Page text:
It had to happen. At some point Ubaldo Jimenez was going to pick up a loss.

However, most figured it would be on a day when the flame throwing Dominican simply didn’t have it. That wasn’t the case on Sunday as Jimenez gave up two hits, one off of his own glove, and lost to the Dodgers 2-0 on the final game of a nine-game California road trip.

The Rockies offense never got going against Clayton Kershaw. The 22-year-old left hander was energized by getting out of a bases-loaded first inning jam. He never looked back.

The Rockies did not hit a ball out of the infield until Clint Barmes flied out to left field in the seventh inning. Todd Helton struck out three times, something that will take some serious digging to find out the last time that happened.

For Jimenez, even taking a loss can be impressive. He did not have his best stuff on the mound. He lacked fastball command and was overthrowing. With most pitchers, when these symptoms are seen they give up a bunch of hits and a handful of runs. Not Jimenez, when he is off of his game he gives up one run on two hits through seven innings, while striking out five, including Andre Either three times, while walking four.

What may end up being more of a story than Jimenez picking up his first loss could be what happened in the fifth inning. Jamey Carrol hit a ground ball back to Jimenez, who wheeled and threw to Troy Tulowitzki at second base. Tulo caught the ball and made a throw to first in an ill-fated attempted at a double play. While nothing looked wrong with the throw, Tulowitzki came up walking gingerly. When the shortstop motioned to the dugout it was obvious that he was more than just hurt.

Tulowitzki came out of the game with a quad strain. While the injury is the same one that saw him miss six weeks in 2008, that time it was the left quad. This injury is on the right side. Tulowitzki is listed as day-to-day, but with a leg injury it can be tough to predict how bad it is until the next day. The fact is, if Tulowitzki misses any significant amount of time on the disabled list, the Rockies may as well kiss their season goodbye.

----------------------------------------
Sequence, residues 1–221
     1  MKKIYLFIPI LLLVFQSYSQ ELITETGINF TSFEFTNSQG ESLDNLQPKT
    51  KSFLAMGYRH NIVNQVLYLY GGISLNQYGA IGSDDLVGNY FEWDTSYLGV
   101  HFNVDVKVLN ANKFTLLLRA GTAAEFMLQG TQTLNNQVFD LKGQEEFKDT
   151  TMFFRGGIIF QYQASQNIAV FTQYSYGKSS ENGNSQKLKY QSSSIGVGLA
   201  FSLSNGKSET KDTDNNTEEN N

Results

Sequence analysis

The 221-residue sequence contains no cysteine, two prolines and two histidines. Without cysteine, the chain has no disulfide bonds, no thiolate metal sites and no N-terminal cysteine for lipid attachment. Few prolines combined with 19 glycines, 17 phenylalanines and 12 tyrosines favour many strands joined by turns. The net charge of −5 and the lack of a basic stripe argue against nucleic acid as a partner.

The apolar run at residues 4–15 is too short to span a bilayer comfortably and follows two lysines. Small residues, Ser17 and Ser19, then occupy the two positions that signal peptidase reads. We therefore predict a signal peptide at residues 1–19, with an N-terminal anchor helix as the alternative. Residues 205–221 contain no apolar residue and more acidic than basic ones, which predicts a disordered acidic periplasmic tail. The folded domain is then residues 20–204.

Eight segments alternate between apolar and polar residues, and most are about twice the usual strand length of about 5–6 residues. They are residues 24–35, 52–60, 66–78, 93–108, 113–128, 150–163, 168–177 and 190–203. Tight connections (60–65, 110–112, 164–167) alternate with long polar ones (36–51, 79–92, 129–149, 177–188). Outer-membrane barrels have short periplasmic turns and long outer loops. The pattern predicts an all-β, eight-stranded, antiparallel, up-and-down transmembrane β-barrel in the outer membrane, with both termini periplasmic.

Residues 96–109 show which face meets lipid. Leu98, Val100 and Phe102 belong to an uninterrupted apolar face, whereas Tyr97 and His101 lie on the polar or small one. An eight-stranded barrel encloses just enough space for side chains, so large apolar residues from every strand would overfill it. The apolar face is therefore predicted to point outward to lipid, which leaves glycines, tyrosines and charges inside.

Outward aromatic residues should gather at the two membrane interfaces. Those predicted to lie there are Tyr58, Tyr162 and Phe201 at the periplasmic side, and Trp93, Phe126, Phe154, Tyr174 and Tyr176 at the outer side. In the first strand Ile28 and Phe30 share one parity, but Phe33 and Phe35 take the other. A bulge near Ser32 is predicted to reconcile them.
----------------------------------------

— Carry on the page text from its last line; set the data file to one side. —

While losing Tulowitzki to injury and Jimenez picking up a loss, the road trip was not all bad. The Rockies finished at 4-5 on a trip that could have been devastating based on their history in two of the three parks and based on the injuries that were forcing the club to put two very inexperienced starters on the mound for a combined total of four times on the road trip.

The Rockies return home on Monday, starting a three game series against the Phillies. While the Phillies have yet to announce their starter for the Tuesday game, all indications suggest that Roy Halladay will be toeing the rubber for the first time at Coors Field in his career.

The Arvada native is one of three names mentioned in the early Cy Young talk. Pitching in front of his family and friends for the first time at home may be extra motivation for Halladay, but it could also be a chance for the Rockies offense to help their teammate win a Cy Young award. Although that talk is premature at this point.


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